IT SEEMS Pope Francis cannot say anything right these days. He is damned if he does and damned if he doesn’t.
A couple of weeks ago, he opened up a bit of a hornet’s nest when he said that badly-behaved children could be punished with a slap. Now he has stated that people who choose not to have children are selfish.
In relation to smacking a child, I’ll be fair and accept a later clarification from the Vatican that the pope was not advocating or endorsing violence or cruelty to children. The whole subject of chastisement is a delicate one and an area bound to animate people. No-one is advocating violence towards children, and there are parents out there who have smacked their child in an effort to get a message across. But the ‘smack’ was just that and was not given with any great force or designed to humiliate the child.
We all know that children learn from their parents, and if they see brute force as a means of getting their way, they will end up doing the same thing themselves.
Time and time again, we see children who were either physically or sexually abused doing the same thing to their own children. In this instance, I don’t believe the Vatican was talking about anything like that.
However, when it comes to people deciding not to have children, that’s a horse of a different colour. For starters, unless you ask childless couples if they have made a conscious decision not to have children, you will never fully know the facts of the case.
I was 12 years married before my own son was born. It wasn’t by design, but initially both my wife and I had to endure all sorts of what other people thought were humorous jibes. Then there was silence as it dawned on people that perhaps we were unable to have children. Thankfully, our son is living proof that was not the case.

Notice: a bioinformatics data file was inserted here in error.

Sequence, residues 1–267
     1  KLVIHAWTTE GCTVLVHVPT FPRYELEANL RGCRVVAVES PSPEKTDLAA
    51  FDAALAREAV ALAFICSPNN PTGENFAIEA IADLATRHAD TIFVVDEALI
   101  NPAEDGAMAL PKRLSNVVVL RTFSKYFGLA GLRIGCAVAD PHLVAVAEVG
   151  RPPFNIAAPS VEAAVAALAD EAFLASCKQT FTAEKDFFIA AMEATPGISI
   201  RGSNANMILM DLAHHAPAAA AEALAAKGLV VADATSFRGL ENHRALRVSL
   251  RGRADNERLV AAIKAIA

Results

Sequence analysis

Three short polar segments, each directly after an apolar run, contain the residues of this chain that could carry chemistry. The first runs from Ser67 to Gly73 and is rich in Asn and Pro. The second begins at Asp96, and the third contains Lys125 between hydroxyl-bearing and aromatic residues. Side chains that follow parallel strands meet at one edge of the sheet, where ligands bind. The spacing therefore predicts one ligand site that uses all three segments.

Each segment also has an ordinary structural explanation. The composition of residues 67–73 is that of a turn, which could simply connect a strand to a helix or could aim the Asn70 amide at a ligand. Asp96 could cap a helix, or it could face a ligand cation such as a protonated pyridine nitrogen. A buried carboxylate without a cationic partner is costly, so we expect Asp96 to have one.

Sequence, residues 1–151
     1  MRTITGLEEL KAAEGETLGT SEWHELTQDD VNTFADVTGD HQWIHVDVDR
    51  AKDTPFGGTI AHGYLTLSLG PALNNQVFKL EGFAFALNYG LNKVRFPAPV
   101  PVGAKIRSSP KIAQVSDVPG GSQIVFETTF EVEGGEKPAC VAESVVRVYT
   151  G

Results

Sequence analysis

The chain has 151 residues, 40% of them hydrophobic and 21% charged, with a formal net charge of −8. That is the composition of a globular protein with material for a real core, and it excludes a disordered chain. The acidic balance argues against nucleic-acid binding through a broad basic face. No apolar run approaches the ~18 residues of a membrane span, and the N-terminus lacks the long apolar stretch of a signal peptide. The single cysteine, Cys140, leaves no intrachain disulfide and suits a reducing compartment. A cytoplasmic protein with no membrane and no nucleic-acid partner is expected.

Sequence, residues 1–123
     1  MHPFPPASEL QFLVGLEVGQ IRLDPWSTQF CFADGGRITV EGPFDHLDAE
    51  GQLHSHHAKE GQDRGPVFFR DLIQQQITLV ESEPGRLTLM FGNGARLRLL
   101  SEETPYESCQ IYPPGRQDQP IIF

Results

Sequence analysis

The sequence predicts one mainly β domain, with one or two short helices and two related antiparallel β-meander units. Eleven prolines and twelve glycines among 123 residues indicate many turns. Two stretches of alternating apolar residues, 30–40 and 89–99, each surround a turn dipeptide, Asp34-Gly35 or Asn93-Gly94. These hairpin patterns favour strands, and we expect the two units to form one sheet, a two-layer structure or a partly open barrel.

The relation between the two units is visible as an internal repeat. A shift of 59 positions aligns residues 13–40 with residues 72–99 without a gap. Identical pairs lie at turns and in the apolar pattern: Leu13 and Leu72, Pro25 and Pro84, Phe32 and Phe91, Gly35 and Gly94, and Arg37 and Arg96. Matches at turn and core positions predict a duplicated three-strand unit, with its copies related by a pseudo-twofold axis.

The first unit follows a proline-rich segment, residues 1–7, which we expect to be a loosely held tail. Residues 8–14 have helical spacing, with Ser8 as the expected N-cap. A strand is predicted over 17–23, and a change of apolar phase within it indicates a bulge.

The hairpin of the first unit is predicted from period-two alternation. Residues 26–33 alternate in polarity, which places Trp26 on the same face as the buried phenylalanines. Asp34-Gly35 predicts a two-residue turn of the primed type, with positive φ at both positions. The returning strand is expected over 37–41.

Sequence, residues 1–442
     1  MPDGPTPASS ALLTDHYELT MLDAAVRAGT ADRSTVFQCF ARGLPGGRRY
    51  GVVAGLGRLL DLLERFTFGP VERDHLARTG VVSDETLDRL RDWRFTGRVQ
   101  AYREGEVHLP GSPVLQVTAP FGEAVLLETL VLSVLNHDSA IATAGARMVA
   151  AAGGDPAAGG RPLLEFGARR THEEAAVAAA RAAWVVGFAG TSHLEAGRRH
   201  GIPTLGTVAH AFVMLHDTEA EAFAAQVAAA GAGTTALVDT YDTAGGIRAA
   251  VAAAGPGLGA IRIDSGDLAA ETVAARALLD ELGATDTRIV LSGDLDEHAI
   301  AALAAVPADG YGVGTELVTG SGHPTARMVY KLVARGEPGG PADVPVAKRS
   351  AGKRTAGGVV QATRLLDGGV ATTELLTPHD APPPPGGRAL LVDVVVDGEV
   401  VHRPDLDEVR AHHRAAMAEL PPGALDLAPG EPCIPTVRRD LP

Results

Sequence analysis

But according to Pope Francis, without children, a marriage comes to old age in solitude with the bitterness of loneliness. I am sure there are countless married couples all over the world who would disagree. They had plenty of children but their marriages ended in bitterness and loneliness.
The marriage itself may have been wrong from day one, but couples decided to stay together for the sake of the children or for financial reasons. Then there are the occasions when parents have done everything they could, but for one reason or another their children flew the coop and never looked back, except for the odd phone call.
But back to the pope’s comments: we were always looking for a pope who could relate to people and the problems they have. He may not be saying what we all want to hear, but you have to admit that since taking up office he has tried his best to be a man of the people, and, more importantly, for the people.
Like all of us, there will be time when he gets things wrong, but as long as he continues to try, he will get more right that wrong – which is the best that any of us can hope to achieve.